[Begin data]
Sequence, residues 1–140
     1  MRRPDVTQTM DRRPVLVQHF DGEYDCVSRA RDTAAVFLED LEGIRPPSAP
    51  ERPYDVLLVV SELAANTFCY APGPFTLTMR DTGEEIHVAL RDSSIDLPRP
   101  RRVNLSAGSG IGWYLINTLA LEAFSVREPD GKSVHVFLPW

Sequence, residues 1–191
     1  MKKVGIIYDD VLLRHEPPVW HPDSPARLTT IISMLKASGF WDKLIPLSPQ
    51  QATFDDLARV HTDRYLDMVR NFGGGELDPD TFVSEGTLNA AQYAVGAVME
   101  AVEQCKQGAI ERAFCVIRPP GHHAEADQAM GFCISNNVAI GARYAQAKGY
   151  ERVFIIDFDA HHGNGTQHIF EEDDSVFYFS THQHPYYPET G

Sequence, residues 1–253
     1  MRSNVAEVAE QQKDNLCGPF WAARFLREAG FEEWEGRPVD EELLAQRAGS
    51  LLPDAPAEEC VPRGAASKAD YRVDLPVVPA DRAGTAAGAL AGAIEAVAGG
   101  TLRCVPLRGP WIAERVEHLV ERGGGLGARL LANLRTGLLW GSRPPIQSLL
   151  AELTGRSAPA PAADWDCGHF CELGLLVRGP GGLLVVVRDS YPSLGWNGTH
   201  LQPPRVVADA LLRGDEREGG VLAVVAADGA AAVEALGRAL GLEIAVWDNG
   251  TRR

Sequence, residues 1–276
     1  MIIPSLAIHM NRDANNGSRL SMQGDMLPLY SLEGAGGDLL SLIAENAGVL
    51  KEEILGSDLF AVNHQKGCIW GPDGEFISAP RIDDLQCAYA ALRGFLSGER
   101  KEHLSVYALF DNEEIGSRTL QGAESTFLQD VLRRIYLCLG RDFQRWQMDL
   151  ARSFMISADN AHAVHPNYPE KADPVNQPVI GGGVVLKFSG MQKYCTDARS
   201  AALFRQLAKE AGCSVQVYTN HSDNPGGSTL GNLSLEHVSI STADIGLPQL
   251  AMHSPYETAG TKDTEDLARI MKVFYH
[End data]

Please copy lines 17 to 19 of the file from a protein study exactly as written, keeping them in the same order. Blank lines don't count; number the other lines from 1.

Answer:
Sequence, residues 1–276
     1  MIIPSLAIHM NRDANNGSRL SMQGDMLPLY SLEGAGGDLL SLIAENAGVL
    51  KEEILGSDLF AVNHQKGCIW GPDGEFISAP RIDDLQCAYA ALRGFLSGER